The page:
It is pretty obvious why racism remains such a hot topic in this country. We acknowledge that it still exists and that it urgently needs to be dealt with. The nuance comes in with the definitions around racism. Things such as context, intent and tone need to be considered, when declaring comments or incidences as racist, and who defines the concept. Yet, at some point, it becomes obvious. It’s called the “duck test”. If it looks like a duck, swims like a duck , and quacks like a duck, then it probably is a duck.
If Zane Dangor is to be believed (‘Anti-Semites under the bed’, 14 April), Jewish advocates for Israel are deceitfully ‘crying antisemitism’ in order to suppress legitimate criticism of Israel. This he terms “a well-honed tool to silence criticism of Israel’s human rights abuses against Palestinians in Israel and the Occupied Territories”. He makes these claims in relation to the downgrade of the SA Embassy in Tel Aviv.
Actually, Dangor’s sneering intimation that the Jewish establishment, knowingly makes false claims of antisemitism in order to shut down debate on Israel is itself a form of anti-Jewish bigotry. David Hirsh, a UK sociologist and anti-racism activist who has written extensively on this phenomenon, observes that in terms of this, those who raise the issue of antisemitism are held not merely to be wrong, but of being “wrong on purpose; of crying wolf, of playing the antisemitism card”, in order to “mobilise Jewish victim-power for illegitimate purposes”. It is also, of course, a very effective way of smearing and discrediting Jews who defend Israel and also provides a convenient excuse for not engaging with what they might have to say on the topic, whether on Israel itself or where anti-Israel sentiment does cross over into racist attacks against Jews in general.
To strengthen his argument that “Jewish leadership” are stifling debate he says that “Jewish Voice for Peace” supports the downgrade. This is disingenuous. He endorses “Jewish Voice for Peace”, a fringe group, discarding the vast majority of Jewish South Africans in this country. While the SAJBD may not speak on behalf of every single Jew in the country (no organisation could claim to do so) it has been the democratically elected representative body of SA Jewry for the past 117 years, and represents the overwhelming majority of the community.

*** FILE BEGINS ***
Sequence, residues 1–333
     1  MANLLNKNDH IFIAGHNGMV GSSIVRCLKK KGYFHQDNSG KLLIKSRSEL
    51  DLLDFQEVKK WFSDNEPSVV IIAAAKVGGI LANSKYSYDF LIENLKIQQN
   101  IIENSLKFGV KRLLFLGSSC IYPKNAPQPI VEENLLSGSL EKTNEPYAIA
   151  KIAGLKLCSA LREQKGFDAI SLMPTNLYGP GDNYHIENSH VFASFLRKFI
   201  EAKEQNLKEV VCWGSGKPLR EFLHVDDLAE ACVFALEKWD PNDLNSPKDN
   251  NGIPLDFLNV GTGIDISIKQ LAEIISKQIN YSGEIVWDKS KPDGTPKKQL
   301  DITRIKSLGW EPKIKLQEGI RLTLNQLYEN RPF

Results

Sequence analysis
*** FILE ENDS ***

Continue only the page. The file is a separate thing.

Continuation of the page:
Dangor contends that the Jewish community claim that any criticism of Israel is antisemitic. We don’t. In reality, no serious advocate of Jewish rights equates all criticism of Israel with antisemitism. Indeed, it is all but unanimously accepted that “criticism of Israel similar to that leveled against any other country cannot be regarded as antisemitic”. Rather, the question unavoidably arises when such ‘criticism’ is decidedly not similar to that levelled against other countries, but instead takes the form, in Natan Sharansky’s well-known ‘3-D’ formulation, of “Demonization, Delegitimization and Double-standards”. And if the world’s sole Jewish majority state, which most Jews everywhere support and identify with to a greater or lesser degree, is subjected to unjust and discriminatory treatment, then how can that not be a form of antisemitism, in practice if not necessarily in intent?
What the Jewish community wants from our Government is not, as Dangor alleges, to stifle debate, but to ask that it treats the Jewish state as it would any other it deals with. To treat it differently from all others and then claim that it is only upholding its own moral standards is both hypocritical and unjust. It is immoral to subject Israel alone to punitive sanctions whereas no similar measures are contemplated against such known abusers of human rights that South Africa has relations with, amongst them China, Myanmar, Yemen, Saudi Arabia, Russia, and Iran. It is likewise dishonest, to hold Israel to be entirely guilty of the failure to create an independent Palestinian state, as if the record of rejectionism, incitement to violence and hatred, corruption and repression of the Palestinian population on the part of its leaders counts for nothing. Most reasonable people in the world support the Palestinians right to have a secure state. It is something that the SAJBD fervently believes in. I certainly consider myself Pro-Palestinian. However, being Pro-Palestinian does not require one to be anti-Israel. That is, unless, you think that Israel should not exist. Despite the calls by the anti-Israel groups including BDS, to eradicate Israel, as in their slogan “from the River to the Sea, Palestine will be free” the reality is that Israel has a right to exist.
Jewish South Africans should be allowed to argue against the embassy downgrade without being insultingly accused of ‘crying antisemitism’. After all, South African citizens as a whole stand to benefit from a full relationship with Israel, be it politically, spiritually, educationally or technologically. Our Department of International Relations doesn’t have to kowtow to an organisation like the BDS, which has a long track record of inciting racist hatred against South African Jewry. And our Minister shouldn’t have to apologise (as she did) to those same narrow-interest parties for not having downgraded our Embassy sooner.
Zane Dangor seeks to preach to the Jewish community as to what antisemitism is. I wonder if he would also lecture our black community on what racism is, and women what sexism is? Surely it is minorities themselves to decide what constitutes racism against them? Is that a quack I hear in the distance?
Zev Krengel is the National Vice President of the SAJBD.
Originally published in The Sunday Independent. View it here.